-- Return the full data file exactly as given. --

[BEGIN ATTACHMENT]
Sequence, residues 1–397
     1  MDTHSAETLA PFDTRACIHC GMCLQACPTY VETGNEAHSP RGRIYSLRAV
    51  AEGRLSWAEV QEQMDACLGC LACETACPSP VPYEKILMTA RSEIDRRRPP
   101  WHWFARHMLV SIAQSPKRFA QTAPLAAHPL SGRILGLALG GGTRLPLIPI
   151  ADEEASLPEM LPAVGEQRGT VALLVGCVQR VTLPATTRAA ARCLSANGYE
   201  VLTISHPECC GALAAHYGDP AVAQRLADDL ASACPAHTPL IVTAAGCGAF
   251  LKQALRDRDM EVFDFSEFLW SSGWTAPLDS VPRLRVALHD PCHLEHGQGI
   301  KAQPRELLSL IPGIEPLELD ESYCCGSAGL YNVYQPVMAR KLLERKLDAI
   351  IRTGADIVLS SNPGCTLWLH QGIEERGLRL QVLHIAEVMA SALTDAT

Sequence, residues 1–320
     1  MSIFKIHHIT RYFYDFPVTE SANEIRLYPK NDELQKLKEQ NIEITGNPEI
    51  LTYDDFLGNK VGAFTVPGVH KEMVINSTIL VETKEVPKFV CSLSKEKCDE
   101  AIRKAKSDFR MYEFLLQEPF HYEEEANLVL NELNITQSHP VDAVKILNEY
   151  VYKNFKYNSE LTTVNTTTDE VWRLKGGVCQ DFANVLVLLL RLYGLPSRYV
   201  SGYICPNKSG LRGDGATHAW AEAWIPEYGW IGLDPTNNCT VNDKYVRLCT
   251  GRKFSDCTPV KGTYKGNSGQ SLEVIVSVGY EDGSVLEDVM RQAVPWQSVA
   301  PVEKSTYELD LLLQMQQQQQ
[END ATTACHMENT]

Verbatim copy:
Sequence, residues 1–397
     1  MDTHSAETLA PFDTRACIHC GMCLQACPTY VETGNEAHSP RGRIYSLRAV
    51  AEGRLSWAEV QEQMDACLGC LACETACPSP VPYEKILMTA RSEIDRRRPP
   101  WHWFARHMLV SIAQSPKRFA QTAPLAAHPL SGRILGLALG GGTRLPLIPI
   151  ADEEASLPEM LPAVGEQRGT VALLVGCVQR VTLPATTRAA ARCLSANGYE
   201  VLTISHPECC GALAAHYGDP AVAQRLADDL ASACPAHTPL IVTAAGCGAF
   251  LKQALRDRDM EVFDFSEFLW SSGWTAPLDS VPRLRVALHD PCHLEHGQGI
   301  KAQPRELLSL IPGIEPLELD ESYCCGSAGL YNVYQPVMAR KLLERKLDAI
   351  IRTGADIVLS SNPGCTLWLH QGIEERGLRL QVLHIAEVMA SALTDAT

Sequence, residues 1–320
     1  MSIFKIHHIT RYFYDFPVTE SANEIRLYPK NDELQKLKEQ NIEITGNPEI
    51  LTYDDFLGNK VGAFTVPGVH KEMVINSTIL VETKEVPKFV CSLSKEKCDE
   101  AIRKAKSDFR MYEFLLQEPF HYEEEANLVL NELNITQSHP VDAVKILNEY
   151  VYKNFKYNSE LTTVNTTTDE VWRLKGGVCQ DFANVLVLLL RLYGLPSRYV
   201  SGYICPNKSG LRGDGATHAW AEAWIPEYGW IGLDPTNNCT VNDKYVRLCT
   251  GRKFSDCTPV KGTYKGNSGQ SLEVIVSVGY EDGSVLEDVM RQAVPWQSVA
   301  PVEKSTYELD LLLQMQQQQQ